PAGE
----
But let’s assume that the financials all work out. And please you’d want to seek some really, REALLY, good financial advice before making the move to early retirement. So, what else do you need to think about?

Non-monetary challenges of early retirement

As with all major life transitions, it’s often the little things that derail plans and experiences the most and cause the greatest struggles. Why? Because these are the things that no-one considers upfront.

Things like how your current identity will cope. My what? Your current identity (or the role everyone associates with you and that you probably associate yourself with). If everyone thinks of you as the type A workaholic, who just loves to work, you’re likely to struggle with your new non-working identity. Likewise, if you love being the person who’s quick to solve others’ problems in your current work environment and that brings you joy or you love growing the people on your team, you’ll need to find another way to continue on doing that, that’s not associated with working. If your identity is strongly aligned to what you do when you’re working, chances are you’ll need to find a hobby, a volunteering gig or a part-time role that lets you still exercise the skills you love. Otherwise, early retirement could do your head in.

What will you do with all of your newfound time? At the top of many people’s list is travel. Travel is awesome, don’t get me wrong. And remember, we’re not talking about the financials here, but a lot of people don’t consider the exhaustion factor of travelling. A couple of weeks is great – wonderful and relaxing or renewing and inspiring. The same with a couple of times a year. But let’s face it, you’re probably unlikely to travel for many months or years at a time.

So what else will you do? What will the new or rather next you do or be? Do you have a desperate desire for further study? Have you always wanted to write a book? Best investigate these before jumping ship and have a plan ready to go or better yet, ease yourself in before you stop working – just in case you truly hate what you thought you’d love and need to buy yourself (literally) some more time to consider things.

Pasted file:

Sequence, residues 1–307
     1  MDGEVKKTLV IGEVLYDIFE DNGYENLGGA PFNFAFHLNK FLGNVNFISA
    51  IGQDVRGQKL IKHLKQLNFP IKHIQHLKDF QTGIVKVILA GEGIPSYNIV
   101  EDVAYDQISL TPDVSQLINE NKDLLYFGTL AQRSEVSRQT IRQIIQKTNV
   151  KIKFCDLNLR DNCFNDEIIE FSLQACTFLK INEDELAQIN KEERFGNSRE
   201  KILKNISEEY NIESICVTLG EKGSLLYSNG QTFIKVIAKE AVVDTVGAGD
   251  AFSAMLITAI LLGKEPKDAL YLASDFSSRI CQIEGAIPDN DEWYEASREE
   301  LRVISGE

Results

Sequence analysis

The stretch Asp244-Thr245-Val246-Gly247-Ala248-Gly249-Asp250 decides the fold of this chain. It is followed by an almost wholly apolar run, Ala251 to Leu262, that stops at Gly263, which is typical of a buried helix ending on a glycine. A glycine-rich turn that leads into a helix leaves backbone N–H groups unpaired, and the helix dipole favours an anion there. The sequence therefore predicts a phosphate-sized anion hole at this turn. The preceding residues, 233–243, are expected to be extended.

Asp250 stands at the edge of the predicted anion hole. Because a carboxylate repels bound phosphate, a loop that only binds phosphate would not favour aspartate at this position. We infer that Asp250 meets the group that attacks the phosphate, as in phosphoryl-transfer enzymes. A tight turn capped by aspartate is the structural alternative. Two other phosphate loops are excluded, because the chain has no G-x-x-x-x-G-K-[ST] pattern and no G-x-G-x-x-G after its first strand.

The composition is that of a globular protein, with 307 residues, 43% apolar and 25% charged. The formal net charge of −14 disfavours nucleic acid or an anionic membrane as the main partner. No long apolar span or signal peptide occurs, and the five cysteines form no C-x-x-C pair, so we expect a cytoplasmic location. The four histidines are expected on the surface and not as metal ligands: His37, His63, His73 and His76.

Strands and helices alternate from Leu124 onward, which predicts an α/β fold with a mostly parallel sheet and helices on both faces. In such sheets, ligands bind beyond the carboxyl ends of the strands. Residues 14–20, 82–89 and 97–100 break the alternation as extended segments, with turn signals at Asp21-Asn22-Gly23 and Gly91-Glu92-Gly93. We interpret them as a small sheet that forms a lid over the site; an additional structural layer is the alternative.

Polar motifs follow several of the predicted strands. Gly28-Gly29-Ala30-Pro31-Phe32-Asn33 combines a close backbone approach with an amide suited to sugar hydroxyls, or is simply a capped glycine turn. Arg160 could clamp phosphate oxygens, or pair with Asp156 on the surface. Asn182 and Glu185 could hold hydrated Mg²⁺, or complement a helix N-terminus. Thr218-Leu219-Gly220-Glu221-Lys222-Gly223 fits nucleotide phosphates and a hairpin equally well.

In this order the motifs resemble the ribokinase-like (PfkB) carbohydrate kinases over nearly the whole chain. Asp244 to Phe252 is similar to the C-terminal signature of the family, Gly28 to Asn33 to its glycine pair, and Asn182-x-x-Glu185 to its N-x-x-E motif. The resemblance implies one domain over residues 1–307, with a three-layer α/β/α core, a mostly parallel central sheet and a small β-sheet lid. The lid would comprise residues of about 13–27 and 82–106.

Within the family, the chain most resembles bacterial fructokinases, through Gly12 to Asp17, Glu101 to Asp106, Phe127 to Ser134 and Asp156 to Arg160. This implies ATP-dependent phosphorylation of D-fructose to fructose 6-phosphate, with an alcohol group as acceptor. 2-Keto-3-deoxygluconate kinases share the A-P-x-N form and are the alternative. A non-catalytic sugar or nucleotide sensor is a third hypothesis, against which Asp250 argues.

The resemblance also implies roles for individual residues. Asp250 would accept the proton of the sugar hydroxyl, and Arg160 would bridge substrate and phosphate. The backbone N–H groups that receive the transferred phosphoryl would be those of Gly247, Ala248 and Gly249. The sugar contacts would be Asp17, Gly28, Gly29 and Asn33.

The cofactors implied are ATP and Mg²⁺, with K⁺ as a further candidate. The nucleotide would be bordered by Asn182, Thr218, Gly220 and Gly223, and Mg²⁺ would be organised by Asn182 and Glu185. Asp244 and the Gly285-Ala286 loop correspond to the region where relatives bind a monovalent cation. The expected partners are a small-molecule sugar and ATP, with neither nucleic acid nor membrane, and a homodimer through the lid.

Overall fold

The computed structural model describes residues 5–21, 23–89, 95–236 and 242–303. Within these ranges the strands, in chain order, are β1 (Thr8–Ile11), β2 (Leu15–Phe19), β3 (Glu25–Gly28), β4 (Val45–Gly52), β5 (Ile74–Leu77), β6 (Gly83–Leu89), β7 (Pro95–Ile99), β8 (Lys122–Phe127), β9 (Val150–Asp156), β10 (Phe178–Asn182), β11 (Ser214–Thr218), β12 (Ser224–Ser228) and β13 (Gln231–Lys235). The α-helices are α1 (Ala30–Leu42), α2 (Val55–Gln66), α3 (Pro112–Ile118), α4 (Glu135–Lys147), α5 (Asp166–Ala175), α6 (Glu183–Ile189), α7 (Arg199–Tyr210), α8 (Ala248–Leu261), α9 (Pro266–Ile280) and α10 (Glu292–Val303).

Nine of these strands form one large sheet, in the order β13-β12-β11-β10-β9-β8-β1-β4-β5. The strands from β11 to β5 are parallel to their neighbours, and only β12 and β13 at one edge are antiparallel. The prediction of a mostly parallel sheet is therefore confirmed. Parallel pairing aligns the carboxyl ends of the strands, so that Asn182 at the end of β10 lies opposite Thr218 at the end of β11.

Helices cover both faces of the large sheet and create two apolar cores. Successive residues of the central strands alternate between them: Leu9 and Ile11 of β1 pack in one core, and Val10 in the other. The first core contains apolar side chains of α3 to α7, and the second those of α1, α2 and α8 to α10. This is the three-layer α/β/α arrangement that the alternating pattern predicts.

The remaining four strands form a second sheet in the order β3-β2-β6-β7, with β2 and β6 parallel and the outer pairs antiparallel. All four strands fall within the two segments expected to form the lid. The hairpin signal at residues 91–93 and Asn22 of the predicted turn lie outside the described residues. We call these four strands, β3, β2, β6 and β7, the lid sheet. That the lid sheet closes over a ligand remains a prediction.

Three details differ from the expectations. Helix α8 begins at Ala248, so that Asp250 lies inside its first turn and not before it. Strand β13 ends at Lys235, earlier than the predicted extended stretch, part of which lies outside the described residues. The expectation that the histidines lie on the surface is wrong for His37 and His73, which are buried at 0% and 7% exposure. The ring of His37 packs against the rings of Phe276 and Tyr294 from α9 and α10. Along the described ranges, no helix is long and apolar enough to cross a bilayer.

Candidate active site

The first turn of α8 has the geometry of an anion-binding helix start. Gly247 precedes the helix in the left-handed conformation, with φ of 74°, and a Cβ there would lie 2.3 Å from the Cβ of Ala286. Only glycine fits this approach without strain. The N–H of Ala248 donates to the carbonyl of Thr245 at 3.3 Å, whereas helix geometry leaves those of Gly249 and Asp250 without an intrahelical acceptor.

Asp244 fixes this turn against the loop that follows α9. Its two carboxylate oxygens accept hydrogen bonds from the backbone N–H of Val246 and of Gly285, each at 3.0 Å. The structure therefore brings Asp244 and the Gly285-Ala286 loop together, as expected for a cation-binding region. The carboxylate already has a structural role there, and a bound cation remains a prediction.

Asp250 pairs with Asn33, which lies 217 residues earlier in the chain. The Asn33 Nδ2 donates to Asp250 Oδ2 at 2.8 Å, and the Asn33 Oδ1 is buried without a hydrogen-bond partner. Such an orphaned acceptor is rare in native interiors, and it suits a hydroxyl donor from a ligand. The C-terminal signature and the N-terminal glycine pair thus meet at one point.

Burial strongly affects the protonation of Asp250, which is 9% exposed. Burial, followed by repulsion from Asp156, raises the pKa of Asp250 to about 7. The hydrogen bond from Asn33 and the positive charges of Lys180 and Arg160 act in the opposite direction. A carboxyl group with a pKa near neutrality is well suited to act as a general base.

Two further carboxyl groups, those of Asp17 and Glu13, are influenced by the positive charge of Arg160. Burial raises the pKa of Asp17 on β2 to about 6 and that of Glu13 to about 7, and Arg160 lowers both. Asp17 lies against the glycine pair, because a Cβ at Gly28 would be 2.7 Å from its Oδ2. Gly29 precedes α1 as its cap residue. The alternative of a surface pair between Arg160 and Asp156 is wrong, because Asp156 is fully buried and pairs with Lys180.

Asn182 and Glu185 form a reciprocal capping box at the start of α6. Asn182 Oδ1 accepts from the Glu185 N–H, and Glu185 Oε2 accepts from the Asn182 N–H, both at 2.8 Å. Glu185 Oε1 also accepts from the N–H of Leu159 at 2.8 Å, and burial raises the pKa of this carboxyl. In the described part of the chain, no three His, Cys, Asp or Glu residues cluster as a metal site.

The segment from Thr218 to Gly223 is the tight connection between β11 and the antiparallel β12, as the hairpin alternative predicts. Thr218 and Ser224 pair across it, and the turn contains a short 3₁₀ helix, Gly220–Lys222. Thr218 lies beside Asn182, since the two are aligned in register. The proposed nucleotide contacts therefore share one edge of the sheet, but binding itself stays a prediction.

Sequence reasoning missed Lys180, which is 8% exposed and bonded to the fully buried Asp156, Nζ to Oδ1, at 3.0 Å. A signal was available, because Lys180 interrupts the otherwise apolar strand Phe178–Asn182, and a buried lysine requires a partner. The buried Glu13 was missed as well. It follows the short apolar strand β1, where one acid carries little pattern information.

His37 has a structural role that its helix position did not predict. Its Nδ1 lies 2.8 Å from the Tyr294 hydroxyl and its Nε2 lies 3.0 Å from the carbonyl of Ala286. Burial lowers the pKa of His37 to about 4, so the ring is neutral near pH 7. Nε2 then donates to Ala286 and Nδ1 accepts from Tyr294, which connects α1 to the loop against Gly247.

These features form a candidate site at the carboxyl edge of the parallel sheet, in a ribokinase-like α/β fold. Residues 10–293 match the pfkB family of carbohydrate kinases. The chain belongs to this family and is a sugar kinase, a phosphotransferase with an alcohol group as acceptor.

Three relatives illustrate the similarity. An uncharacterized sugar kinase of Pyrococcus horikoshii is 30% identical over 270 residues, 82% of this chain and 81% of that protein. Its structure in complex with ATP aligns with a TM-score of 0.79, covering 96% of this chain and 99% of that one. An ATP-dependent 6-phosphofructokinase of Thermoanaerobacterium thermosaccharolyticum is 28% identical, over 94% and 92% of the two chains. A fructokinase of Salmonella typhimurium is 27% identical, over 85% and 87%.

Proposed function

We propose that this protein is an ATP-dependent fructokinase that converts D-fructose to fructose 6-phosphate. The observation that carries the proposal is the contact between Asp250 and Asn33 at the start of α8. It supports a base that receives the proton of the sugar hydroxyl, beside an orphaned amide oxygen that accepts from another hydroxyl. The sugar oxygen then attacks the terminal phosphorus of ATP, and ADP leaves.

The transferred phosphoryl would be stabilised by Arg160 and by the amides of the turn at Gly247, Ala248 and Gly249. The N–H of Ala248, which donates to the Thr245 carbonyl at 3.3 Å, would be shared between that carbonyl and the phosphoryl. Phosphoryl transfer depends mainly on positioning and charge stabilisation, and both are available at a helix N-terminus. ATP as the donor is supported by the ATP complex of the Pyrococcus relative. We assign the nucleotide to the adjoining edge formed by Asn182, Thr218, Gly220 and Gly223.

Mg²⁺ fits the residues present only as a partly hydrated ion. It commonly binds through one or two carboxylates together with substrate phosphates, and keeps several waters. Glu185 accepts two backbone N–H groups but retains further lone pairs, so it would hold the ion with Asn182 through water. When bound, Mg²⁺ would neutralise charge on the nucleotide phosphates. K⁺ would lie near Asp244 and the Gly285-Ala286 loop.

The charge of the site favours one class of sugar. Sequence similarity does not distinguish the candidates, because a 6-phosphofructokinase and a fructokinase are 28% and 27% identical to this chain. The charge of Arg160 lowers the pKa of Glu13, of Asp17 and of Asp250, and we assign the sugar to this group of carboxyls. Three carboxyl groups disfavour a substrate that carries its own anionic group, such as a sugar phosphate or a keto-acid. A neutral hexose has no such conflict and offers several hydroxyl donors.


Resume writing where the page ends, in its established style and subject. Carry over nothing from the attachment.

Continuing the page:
Who will you hang out with? There’s quite a bit of research around that shows one of the key predictors of an early demise is loneliness. And as stressful as work-life can be, it can also provide some of our most frequent relational interactions and often friendships. And as much as your spouse, if you have one, will be a part of your life, they can’t (and probably shouldn’t be) your everything. There’s a reason divorce rates boom on retirement – and given you’re going to need to conserve as much of your finances to fund a likely longer early retirement, this is really something worth thinking about. As part of your transition to early retirement plan, think about how you’ll replace all your current work social interactions and relationships.

As you can see, there’s a lot to consider if you’re contemplating or preparing for an early retirement.

Of course, if we can help you better manage your early retirement planning or you’re considering jumping ship from your working life, even temporarily or your business, thats where we can help. You can call us on 6023 1700 or connect with us via Facebook or LinkedIn.